DUBLIN – Three different vaccine technologies are being deployed in the desperate global effort to combat the SARS-CoV-2 virus, but Rino Rappuoli, chief scientist at the GSK Vaccines arm of Glaxosmithkline plc, said he sees traditional protein-based adjuvanted subunit vaccines, the trusted workhorse of infectious disease prevention, as offering the best bet for delivering a safe and effective vaccine at scale, within the tight timescales necessitated by the present crisis.
HONG KONG – Chengdu, China-based Clover Biopharmaceuticals Inc. has teamed up with Emeryville, Calif.-based Dynavax Technologies Corp. on a research collaboration to develop a vaccine candidate to prevent COVID-19.
Regulatory snapshots, including global drug submissions and approvals, clinical trial approvals and other regulatory decisions and designations: Algernon, Arvelle, Astrazeneca, Beyondspring, Biocryst, Daiichi, Humanigen, I-Mab, Junshi, Lilly, Orion, Rhythm, Ryvu.
Spry Health Inc., of Redwood City, Calif., a company that focuses on health management technologies and remote patient monitoring, reported the launch of Loop Signal. This solution is a new clinician-led monitoring service using the U.S. FDA-cleared Loop System that aims to reduce avoidable hospital visits and improve at-home monitoring of patients who either have, are suspected of having or at risk for COVID-19.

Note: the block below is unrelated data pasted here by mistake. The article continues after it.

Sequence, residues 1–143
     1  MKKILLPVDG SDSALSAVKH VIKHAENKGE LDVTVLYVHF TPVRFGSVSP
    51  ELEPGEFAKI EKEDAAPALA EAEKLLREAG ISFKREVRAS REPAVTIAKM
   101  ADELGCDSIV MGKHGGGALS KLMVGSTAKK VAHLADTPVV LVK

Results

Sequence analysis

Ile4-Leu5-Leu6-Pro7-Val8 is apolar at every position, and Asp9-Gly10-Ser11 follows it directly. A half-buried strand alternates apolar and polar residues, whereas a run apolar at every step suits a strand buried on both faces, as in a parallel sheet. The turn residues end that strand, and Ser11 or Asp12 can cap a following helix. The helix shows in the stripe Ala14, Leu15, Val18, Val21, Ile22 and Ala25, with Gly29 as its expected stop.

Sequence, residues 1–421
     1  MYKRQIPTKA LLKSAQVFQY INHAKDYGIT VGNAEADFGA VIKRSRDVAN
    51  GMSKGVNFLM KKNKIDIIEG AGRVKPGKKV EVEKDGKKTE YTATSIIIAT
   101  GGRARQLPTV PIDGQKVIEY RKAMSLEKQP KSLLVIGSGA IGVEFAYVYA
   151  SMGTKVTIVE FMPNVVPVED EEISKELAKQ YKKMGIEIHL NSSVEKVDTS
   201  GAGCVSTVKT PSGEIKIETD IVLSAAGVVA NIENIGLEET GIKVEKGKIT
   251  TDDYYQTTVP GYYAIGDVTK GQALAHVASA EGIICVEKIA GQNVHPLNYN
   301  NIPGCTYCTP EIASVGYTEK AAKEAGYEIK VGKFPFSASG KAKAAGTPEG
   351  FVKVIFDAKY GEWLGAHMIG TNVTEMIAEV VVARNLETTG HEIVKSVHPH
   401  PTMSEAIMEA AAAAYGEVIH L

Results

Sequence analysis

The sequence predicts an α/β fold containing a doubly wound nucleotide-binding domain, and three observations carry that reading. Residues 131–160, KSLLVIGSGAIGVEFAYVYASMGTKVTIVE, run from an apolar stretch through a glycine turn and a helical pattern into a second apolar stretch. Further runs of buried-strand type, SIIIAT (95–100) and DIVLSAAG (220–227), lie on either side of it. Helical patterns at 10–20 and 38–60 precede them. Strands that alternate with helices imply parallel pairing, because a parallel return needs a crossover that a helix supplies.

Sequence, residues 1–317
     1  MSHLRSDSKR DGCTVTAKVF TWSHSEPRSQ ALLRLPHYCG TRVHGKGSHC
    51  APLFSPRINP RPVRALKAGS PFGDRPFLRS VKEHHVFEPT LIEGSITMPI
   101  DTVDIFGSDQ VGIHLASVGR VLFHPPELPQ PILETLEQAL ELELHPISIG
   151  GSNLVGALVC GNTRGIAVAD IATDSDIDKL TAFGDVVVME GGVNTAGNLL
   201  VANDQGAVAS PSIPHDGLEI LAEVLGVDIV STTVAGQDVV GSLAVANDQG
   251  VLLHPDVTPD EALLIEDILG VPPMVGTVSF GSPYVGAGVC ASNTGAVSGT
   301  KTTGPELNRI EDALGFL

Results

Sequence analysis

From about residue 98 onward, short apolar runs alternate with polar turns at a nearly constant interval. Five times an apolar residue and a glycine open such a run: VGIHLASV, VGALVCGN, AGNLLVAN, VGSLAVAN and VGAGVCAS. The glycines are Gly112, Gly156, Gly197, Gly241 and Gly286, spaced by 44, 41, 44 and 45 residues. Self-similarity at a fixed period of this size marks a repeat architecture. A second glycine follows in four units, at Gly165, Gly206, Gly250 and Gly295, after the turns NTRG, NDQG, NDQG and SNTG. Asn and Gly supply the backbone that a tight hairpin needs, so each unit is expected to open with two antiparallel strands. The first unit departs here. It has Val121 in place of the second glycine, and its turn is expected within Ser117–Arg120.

As the cases of COVID-19 continue to mount around the world, hospitals and other providers are looking to virtual tools, apps and other products to help people check their symptoms and get advice on whether medical intervention is needed. To that end, Dublin-based Medtronic plc has launched two new tools to help clinicians assess, monitor and triage patients with respiratory symptoms and concerns about the coronavirus.
LONDON – The European Commission (EU) is pulling the plug on implementation of the Medical Devices Directive (MDR) on May 26, to free up resources and expertise as countries across Europe struggle to deal with the COVID-19 crisis.
BOGOTA, Colombia – The global shortage of ventilators caused by COVID-19 is not news to the Latin American region, an area already preparing for the tsunami of patients that could flood hospitals as it has done elsewhere. The region is trying to learn from the mistakes made by European countries before it is too late.